ATLANTA — Immigration was a dominant topic during the last legislative session in Georgia and while it's likely to surface again when lawmakers return to the Capitol next month, it probably won't take as large a share of the spotlight.
Georgia lawmakers, like their counterparts in several other states, passed a tough law targeting illegal immigration earlier this year. Some south Georgia Republicans who voted for the bill said they've heard concerns from those whose work in agriculture and would like to see amendments made to help farmers. Secretary of State Brian Kemp said he'd like to see some changes to a section that establishes requirements for the issuing and renewal of professional or business licenses.
But legislative leaders and the law's sponsor say significant changes to the law's substance are unlikely.
"This law has only been in effect six months, some parts haven't even gone into effect and it's under a court challenge," Republican House Speaker David Ralston told The Associated Press. "We need to give it some time before we start tinkering with it."
Ralston said he expects discussion and consideration of some immigration-related bills during the upcoming session, including one that would bar illegal immigrants from all state colleges and universities and another that would require primary and secondary schools and medical facilities to record the immigration status of students and patients, respectively.
Senate President Pro Tem Tommie Williams said he wasn't aware of any concrete plans to propose changes, and Rep. Matt Ramsey, the Peachtree City Republican who wrote the law, said he doesn't foresee any tweaks beyond "clarifying and housekeeping."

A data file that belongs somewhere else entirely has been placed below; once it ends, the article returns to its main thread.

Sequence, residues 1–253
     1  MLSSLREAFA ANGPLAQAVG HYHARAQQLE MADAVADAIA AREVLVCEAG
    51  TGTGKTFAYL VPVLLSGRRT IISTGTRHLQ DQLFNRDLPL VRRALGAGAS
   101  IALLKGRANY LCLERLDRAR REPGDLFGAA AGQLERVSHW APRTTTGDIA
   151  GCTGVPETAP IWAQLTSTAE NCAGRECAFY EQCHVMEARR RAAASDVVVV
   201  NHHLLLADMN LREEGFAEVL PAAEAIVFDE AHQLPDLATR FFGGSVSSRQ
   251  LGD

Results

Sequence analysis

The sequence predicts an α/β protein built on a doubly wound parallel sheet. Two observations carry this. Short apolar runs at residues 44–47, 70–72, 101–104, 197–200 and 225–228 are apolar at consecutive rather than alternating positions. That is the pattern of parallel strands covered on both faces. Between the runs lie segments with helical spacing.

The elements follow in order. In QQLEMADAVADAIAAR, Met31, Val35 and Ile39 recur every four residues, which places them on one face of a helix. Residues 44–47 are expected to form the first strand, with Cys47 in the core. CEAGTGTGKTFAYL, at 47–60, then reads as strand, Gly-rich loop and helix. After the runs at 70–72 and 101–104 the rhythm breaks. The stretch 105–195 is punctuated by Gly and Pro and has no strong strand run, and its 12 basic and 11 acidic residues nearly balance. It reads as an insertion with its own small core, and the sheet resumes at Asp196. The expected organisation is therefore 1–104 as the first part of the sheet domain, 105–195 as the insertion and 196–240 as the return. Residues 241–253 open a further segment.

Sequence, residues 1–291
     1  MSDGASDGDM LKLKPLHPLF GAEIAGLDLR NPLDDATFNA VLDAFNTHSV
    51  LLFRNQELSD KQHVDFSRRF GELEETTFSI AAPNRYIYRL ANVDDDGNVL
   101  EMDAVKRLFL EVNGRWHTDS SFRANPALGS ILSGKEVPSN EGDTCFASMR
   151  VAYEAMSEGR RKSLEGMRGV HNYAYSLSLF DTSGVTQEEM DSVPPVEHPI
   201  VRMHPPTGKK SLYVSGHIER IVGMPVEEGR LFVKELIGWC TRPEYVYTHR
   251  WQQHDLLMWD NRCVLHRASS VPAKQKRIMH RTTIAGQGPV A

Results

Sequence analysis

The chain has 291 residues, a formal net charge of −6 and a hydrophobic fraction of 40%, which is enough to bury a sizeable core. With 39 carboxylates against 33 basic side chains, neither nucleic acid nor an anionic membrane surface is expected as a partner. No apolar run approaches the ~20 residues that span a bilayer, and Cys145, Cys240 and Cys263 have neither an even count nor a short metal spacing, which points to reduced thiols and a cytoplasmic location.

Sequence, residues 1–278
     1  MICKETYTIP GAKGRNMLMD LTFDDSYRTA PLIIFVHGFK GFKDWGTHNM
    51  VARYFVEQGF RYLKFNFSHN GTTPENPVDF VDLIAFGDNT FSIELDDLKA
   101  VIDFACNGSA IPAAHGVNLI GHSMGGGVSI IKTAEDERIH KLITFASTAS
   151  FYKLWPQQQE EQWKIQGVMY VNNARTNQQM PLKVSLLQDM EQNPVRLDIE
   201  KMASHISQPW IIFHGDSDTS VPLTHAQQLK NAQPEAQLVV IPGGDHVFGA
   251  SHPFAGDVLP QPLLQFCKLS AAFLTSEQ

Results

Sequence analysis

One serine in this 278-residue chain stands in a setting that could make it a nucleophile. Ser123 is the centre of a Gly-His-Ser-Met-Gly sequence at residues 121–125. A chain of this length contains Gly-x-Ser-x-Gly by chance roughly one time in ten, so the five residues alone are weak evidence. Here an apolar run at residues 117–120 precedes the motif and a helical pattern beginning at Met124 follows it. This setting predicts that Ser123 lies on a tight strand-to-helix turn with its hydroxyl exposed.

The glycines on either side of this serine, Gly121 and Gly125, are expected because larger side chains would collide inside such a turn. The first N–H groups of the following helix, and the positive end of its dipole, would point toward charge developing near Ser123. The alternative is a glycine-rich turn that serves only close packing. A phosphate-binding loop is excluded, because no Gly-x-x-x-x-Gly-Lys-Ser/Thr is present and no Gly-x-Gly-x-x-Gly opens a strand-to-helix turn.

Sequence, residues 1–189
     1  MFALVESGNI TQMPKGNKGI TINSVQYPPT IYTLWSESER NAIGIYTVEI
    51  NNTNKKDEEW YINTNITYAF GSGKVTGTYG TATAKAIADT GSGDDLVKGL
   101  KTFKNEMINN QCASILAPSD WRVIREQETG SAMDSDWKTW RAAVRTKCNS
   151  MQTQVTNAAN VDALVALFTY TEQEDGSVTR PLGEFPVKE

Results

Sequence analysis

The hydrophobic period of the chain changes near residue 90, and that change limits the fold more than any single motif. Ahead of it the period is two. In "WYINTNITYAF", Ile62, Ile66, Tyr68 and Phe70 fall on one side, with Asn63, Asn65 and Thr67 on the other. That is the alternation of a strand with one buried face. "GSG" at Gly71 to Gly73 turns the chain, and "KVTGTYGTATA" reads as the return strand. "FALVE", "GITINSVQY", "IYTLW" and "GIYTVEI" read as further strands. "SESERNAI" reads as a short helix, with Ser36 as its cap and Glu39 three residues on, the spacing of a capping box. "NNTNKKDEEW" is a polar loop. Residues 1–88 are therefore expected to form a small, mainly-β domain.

In neighboring Alabama, which passed an even tougher law cracking down on illegal immigration this year, some prominent Republicans — including lawmakers and the state attorney general — are calling for big changes to that law. That's not the case in Georgia.
The Associated Press reached out to a number of south Georgia lawmakers who supported the law. Even those who had concerns said they stood by their votes. And Attorney General Sam Olens has pledged to vigorously defend it against a pending legal challenge filed by civil liberties and immigrant rights groups.
Sen. John Bulloch, a Republican from Ochlocknee in the southwestern corner of the state and chair of the agriculture committee, said the law has hurt vegetable farmers in his district because migrant workers were too scared to come to Georgia this year. Similar complaints from the agriculture industry have been well documented in the media since the law passed.
Bulloch expressed concern about the bill during debate in the Senate but eventually voted for it after working with the sponsor to make some changes. Though he readily admits that he does not like the legislation, Bulloch said he's not second-guessing his vote but would welcome an opportunity to tweak the law.
"You can't try to live any yesterdays," he said. "If I have a chance to make some changes to it sometime in the future, I'll certainly vote to make some changes to try to lessen the blow or take some things out of it."
Notably, he said he'd like to remove a requirement for businesses to use a federal database called E-Verify to check the employment eligibility of new hires that is set to be phased in starting Jan. 1. That requirement creates too much red tape, especially for small businesses, he said.
That change seems unlikely. Ramsey has said from the start that the E-Verify section is the most important aspect because it will make it harder for illegal immigrants to get jobs here, which is one of the main reasons they come. He said this week that lawmakers would consider "any common sense tweaks" to the law.